The stage is being set for another strong year for the local real estate industry. But it won’t be a year without bumps in the road.
A report from the TCI Group report shows a weak, unbalanced existing home for sale inventory. Before approaching balanced market conditions, you have to get into the luxury price ranges. The benchmark is five to six months of inventory.
Most of the expert market outlooks are for moderation from the past year-and-a-half’s craziness. There are already fewer multiple offers and more sellers are backing off their listing price. Here’s what moderation will likely look like in the local market.
– There will be more new homes hitting the market at and during the 2022 prime buying and selling season. There are ongoing single-family projects in all of the region’s major cities.
– Improvements in the existing home inventory are expected from less demand due to higher mortgage rates and affordability issues. Double-digit home price increases have shifted some of the market momentum to renting rather than buying.
While inventory is a core basis, the big question centers on prices. It’s likely that the double-digit price growth has run its course. A number of factors will exert downward pressure on prices. They include:
– Mortgage rates are expected to increase and push monthly mortgage payments higher.
– Lenders continue to toughen requirements.
– Manufactured homes will likely continue to claim a bigger market share due to their affordability advantage.
– The surge of pandemic refugees has slowed. People are still moving, but they’re staying closer to home instead of headed off cross-country.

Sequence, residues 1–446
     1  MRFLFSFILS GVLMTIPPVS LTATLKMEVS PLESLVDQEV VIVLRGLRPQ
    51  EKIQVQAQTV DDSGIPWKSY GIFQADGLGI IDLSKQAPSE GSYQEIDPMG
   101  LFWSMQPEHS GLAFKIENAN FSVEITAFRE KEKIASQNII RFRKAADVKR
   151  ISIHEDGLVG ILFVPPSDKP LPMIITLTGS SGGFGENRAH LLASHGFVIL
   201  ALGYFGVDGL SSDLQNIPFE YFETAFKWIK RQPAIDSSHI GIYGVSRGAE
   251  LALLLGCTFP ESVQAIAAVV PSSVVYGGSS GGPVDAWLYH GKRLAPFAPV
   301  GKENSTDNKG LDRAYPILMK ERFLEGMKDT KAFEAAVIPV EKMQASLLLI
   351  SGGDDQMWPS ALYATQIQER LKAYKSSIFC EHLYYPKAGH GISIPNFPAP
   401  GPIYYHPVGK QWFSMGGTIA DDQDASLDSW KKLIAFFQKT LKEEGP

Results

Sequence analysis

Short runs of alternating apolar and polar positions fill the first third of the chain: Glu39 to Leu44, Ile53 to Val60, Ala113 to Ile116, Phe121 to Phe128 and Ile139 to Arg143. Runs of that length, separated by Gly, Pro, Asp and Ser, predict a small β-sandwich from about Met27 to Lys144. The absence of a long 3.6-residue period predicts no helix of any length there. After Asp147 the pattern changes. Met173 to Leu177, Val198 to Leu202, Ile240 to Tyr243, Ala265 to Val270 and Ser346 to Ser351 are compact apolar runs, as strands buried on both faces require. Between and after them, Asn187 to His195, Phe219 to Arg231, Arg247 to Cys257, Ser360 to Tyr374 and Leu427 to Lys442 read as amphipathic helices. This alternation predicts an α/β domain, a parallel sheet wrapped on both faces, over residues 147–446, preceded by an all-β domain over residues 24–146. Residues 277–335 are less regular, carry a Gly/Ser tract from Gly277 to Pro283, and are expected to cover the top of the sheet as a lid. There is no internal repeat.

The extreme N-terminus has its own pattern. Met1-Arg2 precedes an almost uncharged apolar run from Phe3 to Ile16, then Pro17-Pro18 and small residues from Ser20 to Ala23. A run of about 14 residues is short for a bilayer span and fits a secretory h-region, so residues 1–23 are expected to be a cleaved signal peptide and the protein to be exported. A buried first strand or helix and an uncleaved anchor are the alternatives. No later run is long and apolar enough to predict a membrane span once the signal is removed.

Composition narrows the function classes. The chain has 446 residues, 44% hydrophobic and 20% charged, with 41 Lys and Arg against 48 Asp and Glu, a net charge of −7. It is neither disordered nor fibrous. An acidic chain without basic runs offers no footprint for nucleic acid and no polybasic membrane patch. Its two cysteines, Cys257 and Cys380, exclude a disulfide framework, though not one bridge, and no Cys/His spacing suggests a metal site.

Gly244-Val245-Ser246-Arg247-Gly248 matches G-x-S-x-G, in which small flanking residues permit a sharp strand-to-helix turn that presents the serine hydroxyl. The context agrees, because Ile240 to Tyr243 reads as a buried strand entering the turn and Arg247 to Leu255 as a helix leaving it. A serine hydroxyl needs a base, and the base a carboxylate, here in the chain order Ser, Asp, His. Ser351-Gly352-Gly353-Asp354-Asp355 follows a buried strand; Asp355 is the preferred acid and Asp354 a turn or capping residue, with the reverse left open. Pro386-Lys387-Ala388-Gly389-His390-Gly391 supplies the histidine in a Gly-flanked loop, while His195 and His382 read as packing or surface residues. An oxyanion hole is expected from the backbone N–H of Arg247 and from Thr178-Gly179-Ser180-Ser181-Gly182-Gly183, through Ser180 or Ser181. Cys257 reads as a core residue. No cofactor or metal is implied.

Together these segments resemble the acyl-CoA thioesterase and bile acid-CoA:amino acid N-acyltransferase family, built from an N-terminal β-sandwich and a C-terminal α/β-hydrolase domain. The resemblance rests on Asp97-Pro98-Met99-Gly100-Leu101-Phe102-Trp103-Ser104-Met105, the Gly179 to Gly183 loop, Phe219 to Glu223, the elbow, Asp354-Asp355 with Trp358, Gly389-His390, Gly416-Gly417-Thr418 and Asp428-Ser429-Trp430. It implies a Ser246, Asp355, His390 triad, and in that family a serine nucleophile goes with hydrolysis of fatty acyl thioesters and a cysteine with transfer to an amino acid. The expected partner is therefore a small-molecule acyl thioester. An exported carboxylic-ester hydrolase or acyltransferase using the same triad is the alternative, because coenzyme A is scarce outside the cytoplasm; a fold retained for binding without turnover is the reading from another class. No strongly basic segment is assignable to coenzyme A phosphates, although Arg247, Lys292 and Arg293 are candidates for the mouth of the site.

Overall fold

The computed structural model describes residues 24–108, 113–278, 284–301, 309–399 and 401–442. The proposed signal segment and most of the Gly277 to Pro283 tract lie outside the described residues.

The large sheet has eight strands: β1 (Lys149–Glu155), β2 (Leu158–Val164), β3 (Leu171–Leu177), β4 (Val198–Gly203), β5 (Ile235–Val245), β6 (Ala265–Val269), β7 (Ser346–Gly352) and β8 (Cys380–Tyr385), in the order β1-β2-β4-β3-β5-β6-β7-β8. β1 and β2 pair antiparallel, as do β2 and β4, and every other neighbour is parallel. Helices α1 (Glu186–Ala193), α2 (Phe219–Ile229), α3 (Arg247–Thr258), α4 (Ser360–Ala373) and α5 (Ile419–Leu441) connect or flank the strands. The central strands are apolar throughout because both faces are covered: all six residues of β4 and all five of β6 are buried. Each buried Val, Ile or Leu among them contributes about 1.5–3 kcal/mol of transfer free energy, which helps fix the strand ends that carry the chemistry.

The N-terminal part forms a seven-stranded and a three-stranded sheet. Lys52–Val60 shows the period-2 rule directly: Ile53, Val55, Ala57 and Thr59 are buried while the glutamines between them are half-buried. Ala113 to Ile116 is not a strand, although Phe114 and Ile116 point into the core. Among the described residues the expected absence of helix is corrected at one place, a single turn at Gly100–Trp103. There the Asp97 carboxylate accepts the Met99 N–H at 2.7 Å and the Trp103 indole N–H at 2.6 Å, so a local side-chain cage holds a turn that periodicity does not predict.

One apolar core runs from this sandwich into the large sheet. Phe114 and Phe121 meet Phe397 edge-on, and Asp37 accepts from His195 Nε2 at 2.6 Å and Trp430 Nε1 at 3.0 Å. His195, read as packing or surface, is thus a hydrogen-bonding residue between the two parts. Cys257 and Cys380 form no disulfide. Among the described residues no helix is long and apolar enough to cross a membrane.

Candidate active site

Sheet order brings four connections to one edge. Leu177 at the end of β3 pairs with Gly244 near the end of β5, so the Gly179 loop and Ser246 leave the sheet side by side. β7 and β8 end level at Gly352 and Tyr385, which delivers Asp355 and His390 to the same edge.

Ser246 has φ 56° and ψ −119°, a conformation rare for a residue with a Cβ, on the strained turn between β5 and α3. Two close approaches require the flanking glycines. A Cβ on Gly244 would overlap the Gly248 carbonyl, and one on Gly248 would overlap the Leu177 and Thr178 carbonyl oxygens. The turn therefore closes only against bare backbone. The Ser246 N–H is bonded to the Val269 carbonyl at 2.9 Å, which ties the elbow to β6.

The local housing market boom that began in mid-2015 was slowly moving prices higher. The pandemic pushed it into overdrive. Home prices appreciated at or just below 3% before the pandemic, and there was a sustainable wage-home price balance. During the pandemic, the balance turned upside down. It ratcheted up demand to levels not seen in two decades. The price growth rate moved into the double-digit range when coupled with the tightening inventory.
Not long ago, the local benchmark for existing home sales was in the $200,000 and below range. They accounted for over 75% of all existing home sales. During the 12 months ending in mid-December, that market share dropped to 49%. Homes in the $200,000 to $300,000 price range accounted for 29% of all sales.
But that wasn’t the largest growth rate change. Growth rates for luxury homes were in the triple digits. And the $1 million-plus class home saw an even more dramatic growth rate.
While there is consensus in the real estate industry that price growth will decelerate – the current growth rate is simply unsustainable in the long term – there is no consensus about what the rate of home price growth will look like in the new year.
The forecasts cited earlier in the report are conservative examples. All forecasts have to assume a base case. Currently, that case is that the economy will grow at a slower rate, the supply chain will not be back to normal until late next year at the earliest, and that mortgage rate increases will be gradual. Although the current best-rate-available is in the 3% range, only borrowers with the best credit and big down payments can take advantage of them. A higher mortgage rate means a bigger monthly mortgage payment. And there’s the ever-present pandemic and inflation that is beginning to look like the relative who showed up unannounced and threatening to stay too long.